The summit trail is beautiful. It switchbacks up a very steep, grass-covered slope. Incredible views of Williams Lake and the surrounding peaks enchanted us as we climbed steadily up into the clouds and the wind. Once we hit the summit ridge the wind was really whipping. I learned a new word from the summit plaque indicating that the mountain was named for Major George Montague Wheeler: planimetric. I thought it was related to planning, but I should have known it was related to geometric planes on maps. We had some nice views, but it wasn't a place we wanted to hang out, so after five minutes we started down.
We had been the first to summit and, besides passing a party of four, we had the mountain entirely to ourselves...on the way up. On the way down, we stopped counting when we got to sixty other hikers and five dogs. When we got down to the Williams Lake trail junction, we turned left and headed to the lake, where we found many other hikes and each one seemed to have a dog. Sheri commented that this place was like Boulder without all the rules. Most of the dogs were very well behaved, except for one, that acted like the Tasmanian Devil, but was rightfully on a lease. I speculated that if set free this tiny dog would destroy the entire area in just a few seconds, like in the Bugs Bunny cartoons.
We ate lunch here, though it was only 9:30 a.m. Derek iced his legs in the lake and then we headed back to the car.
|Derek and Sheri at Williams Lake|
Saturday, July 4th - East Spanish Peak
|Sheri high on East Spanish Peak with West Spanish Peak in the background|
Starting up this peak at 2:40 p.m., after already climbing Wheeler Peak in a different state and driving three hours, wasn't the original plan. It was an impulse summit, prompted mainly by the ugly conditions at the trailhead. We had hoped to find a nice camping spot out at the trailhead, heck, we'd already done this on our last two summits, but all we found was a terrible, sloping turnout, tremendous heat, and countless flies. It was miserable. I couldn't hang out here until the next morning. We could have driven into La Veta or even Walsenburg, but it was even hotter there. When thoughts ran to just bagging it and heading home, I suggested, "Why don't we just climb it now?"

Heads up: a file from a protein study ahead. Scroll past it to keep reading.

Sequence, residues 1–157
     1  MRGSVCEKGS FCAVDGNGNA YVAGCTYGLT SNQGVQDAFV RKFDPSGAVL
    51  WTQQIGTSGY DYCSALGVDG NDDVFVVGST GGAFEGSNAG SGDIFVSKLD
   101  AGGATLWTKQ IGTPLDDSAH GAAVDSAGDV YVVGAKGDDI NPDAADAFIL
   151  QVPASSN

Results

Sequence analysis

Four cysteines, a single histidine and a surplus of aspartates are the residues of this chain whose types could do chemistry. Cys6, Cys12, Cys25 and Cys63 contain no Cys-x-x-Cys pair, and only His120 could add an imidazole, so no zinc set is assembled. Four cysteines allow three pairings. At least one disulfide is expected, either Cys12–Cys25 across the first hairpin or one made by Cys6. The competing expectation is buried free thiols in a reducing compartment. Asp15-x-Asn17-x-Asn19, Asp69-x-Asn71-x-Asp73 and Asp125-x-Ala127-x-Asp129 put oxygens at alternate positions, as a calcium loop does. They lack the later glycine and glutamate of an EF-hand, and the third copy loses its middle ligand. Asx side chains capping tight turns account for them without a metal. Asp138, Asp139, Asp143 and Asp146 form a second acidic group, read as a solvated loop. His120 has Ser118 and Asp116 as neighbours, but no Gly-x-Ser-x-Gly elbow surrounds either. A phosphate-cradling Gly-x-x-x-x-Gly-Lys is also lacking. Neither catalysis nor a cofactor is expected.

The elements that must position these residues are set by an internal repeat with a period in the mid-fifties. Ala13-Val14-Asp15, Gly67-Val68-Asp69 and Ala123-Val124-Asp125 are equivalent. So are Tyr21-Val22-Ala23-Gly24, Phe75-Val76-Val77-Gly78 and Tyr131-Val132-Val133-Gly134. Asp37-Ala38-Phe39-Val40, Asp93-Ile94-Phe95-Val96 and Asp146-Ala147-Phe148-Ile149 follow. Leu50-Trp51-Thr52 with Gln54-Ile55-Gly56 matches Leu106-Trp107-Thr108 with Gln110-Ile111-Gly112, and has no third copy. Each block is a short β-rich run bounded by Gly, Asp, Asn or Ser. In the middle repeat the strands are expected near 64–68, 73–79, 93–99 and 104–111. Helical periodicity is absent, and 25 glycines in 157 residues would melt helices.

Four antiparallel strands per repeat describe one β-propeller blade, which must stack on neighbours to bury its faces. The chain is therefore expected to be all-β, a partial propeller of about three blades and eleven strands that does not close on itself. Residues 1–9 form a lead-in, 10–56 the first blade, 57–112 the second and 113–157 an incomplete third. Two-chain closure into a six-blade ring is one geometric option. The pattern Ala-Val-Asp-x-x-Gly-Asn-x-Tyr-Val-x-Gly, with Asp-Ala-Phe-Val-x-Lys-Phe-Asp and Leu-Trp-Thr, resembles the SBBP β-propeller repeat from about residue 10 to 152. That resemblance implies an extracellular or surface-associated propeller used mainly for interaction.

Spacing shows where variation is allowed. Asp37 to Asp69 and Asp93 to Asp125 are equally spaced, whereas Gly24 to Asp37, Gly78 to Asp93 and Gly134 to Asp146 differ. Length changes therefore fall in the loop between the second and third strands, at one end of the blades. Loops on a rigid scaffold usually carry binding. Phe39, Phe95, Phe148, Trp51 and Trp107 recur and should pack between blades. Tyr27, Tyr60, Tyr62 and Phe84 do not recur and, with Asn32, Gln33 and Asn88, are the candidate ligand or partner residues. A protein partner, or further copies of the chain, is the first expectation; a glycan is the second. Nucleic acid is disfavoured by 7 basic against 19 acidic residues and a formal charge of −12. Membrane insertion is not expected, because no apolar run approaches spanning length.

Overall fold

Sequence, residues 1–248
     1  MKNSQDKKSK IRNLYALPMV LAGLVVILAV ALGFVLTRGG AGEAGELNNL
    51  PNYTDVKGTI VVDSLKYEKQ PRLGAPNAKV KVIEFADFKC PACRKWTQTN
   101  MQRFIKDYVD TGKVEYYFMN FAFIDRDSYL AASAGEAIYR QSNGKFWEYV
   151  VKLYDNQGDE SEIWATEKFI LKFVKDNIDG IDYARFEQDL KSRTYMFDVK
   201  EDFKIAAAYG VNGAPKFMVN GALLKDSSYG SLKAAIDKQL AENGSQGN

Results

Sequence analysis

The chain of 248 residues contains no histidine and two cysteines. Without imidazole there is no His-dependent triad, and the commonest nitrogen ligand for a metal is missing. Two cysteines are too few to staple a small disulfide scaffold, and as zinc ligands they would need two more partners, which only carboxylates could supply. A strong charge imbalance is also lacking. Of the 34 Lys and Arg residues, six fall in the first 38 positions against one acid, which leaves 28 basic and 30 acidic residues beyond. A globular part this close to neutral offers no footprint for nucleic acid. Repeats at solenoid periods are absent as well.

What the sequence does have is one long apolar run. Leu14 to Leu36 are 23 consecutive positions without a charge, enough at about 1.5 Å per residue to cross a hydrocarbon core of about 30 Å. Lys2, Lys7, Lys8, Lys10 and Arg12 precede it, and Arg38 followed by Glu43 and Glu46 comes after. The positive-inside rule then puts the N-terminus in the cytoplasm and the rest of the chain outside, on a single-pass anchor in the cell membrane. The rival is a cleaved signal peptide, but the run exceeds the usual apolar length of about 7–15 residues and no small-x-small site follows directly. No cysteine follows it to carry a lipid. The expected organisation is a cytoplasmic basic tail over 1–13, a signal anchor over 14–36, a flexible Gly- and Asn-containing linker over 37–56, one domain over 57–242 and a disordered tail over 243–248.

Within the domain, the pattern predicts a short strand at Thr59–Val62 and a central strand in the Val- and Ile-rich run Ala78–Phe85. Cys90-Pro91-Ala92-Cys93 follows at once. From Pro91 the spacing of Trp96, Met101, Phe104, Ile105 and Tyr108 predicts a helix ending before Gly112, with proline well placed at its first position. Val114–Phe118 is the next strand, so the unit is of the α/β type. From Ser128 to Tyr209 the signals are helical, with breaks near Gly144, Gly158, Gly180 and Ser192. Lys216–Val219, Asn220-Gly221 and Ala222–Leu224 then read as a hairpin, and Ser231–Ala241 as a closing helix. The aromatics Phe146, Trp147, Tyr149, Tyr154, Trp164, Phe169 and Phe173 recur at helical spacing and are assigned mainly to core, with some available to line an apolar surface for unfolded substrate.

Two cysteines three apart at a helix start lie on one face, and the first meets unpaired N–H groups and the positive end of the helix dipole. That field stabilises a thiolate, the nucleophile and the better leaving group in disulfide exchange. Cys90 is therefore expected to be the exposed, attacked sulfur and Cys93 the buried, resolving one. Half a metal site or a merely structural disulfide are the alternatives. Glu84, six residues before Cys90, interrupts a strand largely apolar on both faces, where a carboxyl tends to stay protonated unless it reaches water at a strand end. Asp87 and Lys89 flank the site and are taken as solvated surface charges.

Derek jumped at this suggestion. Sheri did not. She was tired from the first peak. I mentioned that we were only climbing this peak because she wanted to do it. She responded, "Yes, I did, but not today!" She had point, but we had nothing else to do right then so decided to just check out the start of the trail. But...I figured we might as well bring our little summit packs, just in case. So, we packed them up with our shells, food, and water and were off. We'd just see how things went. A little ways up the trail Sheri asked, "Did we bring the headlamps?" This would prove prophetic. No, we did not.
Before we had left the car, Derek confirmed that the distance stated on SummitPost.com was 11 miles and 4300 vertical feet from the 2WD parking. A ways up the road we met a family coming down. They had just hiked out to the saddle. We mentioned where we were headed and the man groaned. "That's a LONG way. I did that once. Never again." We mentioned that we thought it was 11 miles roundtrip and he said, "No, I think it's more like 14 miles." I figured he must be exaggerating and trusted SummitPost. I was wrong, as was SummitPost.
|Singletrack through a dense forest|
At the upper trailhead a sign Sheri saw that the length of the Wahatoya Trail was 14 miles long and said, "See, it is super long." She wanted to turn around. The skies were threatening and we'd been hearing regular blasts of thunder. It would have been reasonable to turn around, but Derek and I were still game to continue. We were in a dense forest and felt very safe from lightning and the storm was a bit to our south still. I pointed out that the mileage on the trail sign was for the entire Wahatoya Trail which went to some far-off destination. We'd only be following it for two miles before turning off onto the climber's trail for the peak. Sheri reluctantly agreed to continue.